Why do our feet and ankles swell in the heat, and is it dangerous?


What to do when your ankles, feet or legs swell up when travelling.

By Dr Luke Powles

Some people may find that their hands, arms or feet can mildly swell when they’re exposed to very hot weather. This is known as oedema, and more often than not, isn’t a cause for concern.

But what causes swollen feet, legs and ankles in the heat, and how is oedema treated? Dr Luke Powles, Associate Clinical Director of Bupa Health Clinics, gives us the lowdown on swelling in the heat:

Why do we swell in the heat?

Hot, sun and tropical weather can trigger an increased blood supply to your skin. The swelling is caused when the fluid from your blood vessels moves into your skin tissue, which can worsen if your salt levels are already low.

This causes your skin to look puffy, swollen, shiny and sometimes red, as fluid pools around the affected area.

Is swelling in the heat dangerous?

Heat-based swelling usually goes away by itself once you’ve acclimatised to the new temperature, However, if the swelling hasn’t reduced within a few days, seek medical advice.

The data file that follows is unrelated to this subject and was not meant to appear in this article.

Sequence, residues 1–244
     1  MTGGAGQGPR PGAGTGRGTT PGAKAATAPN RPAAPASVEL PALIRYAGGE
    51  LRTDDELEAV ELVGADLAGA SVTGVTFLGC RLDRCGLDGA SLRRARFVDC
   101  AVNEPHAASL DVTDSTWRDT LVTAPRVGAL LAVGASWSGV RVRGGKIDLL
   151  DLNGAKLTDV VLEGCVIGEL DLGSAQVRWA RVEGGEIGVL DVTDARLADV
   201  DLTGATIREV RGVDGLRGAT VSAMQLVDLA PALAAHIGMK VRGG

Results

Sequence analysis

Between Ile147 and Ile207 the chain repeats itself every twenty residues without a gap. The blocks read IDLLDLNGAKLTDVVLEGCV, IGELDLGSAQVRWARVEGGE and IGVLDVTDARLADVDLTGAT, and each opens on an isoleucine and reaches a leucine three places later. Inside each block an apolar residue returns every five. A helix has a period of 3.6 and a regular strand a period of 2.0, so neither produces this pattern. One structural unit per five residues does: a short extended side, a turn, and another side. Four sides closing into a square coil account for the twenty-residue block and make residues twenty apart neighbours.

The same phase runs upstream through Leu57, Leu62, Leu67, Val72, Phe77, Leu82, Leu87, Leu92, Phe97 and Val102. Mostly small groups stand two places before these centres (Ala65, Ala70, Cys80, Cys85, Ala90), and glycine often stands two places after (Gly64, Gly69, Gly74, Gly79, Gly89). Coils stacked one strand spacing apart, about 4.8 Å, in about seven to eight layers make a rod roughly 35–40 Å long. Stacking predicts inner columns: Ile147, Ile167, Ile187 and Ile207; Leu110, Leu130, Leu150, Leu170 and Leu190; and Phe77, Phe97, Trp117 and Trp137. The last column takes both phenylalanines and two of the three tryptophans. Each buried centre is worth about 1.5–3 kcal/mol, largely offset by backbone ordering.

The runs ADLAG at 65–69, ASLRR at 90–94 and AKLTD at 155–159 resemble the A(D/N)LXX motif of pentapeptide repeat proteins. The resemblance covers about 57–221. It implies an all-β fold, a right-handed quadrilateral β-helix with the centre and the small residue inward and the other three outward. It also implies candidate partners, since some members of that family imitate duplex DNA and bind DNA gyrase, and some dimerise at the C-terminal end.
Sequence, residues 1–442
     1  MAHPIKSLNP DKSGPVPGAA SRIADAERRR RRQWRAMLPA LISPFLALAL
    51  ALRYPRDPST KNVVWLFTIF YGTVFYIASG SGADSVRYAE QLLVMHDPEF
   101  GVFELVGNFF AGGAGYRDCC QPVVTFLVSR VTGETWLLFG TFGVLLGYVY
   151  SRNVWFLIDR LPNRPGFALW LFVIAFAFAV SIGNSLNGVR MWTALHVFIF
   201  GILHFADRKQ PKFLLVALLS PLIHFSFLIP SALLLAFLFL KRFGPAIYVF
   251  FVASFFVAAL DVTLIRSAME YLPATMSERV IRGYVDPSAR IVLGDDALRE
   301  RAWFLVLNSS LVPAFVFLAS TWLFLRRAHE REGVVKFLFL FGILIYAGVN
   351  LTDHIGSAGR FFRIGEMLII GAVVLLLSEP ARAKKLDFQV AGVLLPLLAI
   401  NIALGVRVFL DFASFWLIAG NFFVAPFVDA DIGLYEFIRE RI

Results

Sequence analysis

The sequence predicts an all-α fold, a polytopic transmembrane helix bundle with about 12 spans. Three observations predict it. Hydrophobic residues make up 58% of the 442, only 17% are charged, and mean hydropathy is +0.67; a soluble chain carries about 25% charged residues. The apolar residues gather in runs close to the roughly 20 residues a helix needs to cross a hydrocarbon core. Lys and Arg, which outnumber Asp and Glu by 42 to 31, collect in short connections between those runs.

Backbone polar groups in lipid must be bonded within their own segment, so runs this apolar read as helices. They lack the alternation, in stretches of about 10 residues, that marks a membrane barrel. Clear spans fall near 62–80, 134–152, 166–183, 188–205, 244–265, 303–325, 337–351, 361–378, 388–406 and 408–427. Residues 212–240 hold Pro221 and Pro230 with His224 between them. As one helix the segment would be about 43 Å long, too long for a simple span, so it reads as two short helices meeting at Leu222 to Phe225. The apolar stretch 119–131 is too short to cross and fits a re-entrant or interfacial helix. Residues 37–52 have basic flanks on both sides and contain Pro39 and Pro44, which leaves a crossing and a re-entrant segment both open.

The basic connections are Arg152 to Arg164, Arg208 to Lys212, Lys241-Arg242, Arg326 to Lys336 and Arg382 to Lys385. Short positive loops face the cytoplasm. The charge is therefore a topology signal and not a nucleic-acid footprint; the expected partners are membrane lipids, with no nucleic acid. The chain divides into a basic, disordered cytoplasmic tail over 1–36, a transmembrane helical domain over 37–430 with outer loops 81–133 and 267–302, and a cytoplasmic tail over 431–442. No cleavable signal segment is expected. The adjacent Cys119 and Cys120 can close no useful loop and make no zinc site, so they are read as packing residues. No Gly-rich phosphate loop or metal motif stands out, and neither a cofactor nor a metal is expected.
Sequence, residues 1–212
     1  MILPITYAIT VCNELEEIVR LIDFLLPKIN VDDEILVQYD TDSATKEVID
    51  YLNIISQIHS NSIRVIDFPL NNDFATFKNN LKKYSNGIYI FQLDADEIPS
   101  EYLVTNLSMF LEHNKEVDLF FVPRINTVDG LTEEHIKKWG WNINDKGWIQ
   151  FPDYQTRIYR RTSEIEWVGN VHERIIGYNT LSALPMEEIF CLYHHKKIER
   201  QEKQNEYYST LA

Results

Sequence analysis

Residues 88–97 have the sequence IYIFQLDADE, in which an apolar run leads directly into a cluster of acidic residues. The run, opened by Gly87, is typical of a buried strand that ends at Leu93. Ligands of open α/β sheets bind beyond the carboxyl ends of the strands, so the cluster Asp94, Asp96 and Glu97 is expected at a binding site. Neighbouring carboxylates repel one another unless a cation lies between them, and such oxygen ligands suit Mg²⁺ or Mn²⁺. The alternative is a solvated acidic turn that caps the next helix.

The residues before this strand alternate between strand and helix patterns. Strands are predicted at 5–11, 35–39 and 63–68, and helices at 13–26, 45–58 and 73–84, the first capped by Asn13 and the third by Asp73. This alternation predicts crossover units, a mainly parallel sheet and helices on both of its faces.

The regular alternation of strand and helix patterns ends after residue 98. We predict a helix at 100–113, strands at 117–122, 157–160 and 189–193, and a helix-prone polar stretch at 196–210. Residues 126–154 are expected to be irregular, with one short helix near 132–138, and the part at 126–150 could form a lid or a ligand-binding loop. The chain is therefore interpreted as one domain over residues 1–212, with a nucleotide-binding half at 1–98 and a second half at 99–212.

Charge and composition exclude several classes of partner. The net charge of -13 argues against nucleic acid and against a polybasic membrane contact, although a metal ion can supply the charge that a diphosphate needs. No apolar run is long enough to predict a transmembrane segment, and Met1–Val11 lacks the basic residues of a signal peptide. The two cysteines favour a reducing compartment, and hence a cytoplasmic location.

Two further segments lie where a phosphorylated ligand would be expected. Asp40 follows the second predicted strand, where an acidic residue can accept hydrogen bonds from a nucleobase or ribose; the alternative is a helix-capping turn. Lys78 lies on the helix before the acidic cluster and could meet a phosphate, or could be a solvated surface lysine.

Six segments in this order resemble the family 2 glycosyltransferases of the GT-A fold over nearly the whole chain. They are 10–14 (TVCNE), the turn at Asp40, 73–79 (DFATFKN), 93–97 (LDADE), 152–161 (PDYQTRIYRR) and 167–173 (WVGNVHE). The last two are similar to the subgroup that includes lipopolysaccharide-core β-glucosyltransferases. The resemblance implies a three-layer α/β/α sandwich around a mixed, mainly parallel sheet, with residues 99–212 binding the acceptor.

If you’re suffering from any of the following additional symptoms, be sure to seek urgent medical attention:

🔹 a high temperature

🔹 chest tightness

🔹 difficulty breathing

🔹 severe pain and redness to the affected area which is hot to the touch

Swelling in the heat prevention

Keeping cool is the best way to avoid heat-related swelling, though if you’re going on holiday to a tropical environment this may be difficult. Make sure you stay hydrated and maintain a healthy, but not excessive, intake of salt to reduce the risk of becoming dehydrated.

Swelling in the heat treatment

If you find yourself with swollen feet, ankles, legs or hands, try the following:

✔️ Keep cool – this can help to reduce the effects of heat oedema

✔️ Drink plenty of water

✔️ Wear loose-fitting clothes and make use of air conditioning and shaded areas.

✔️ Keep swollen areas clean and moisturised.

✔️ Encourage an improvement to your blood flow by alternating gentle exercise, such as walking, or elevating the affected area(s).

Net Doctor


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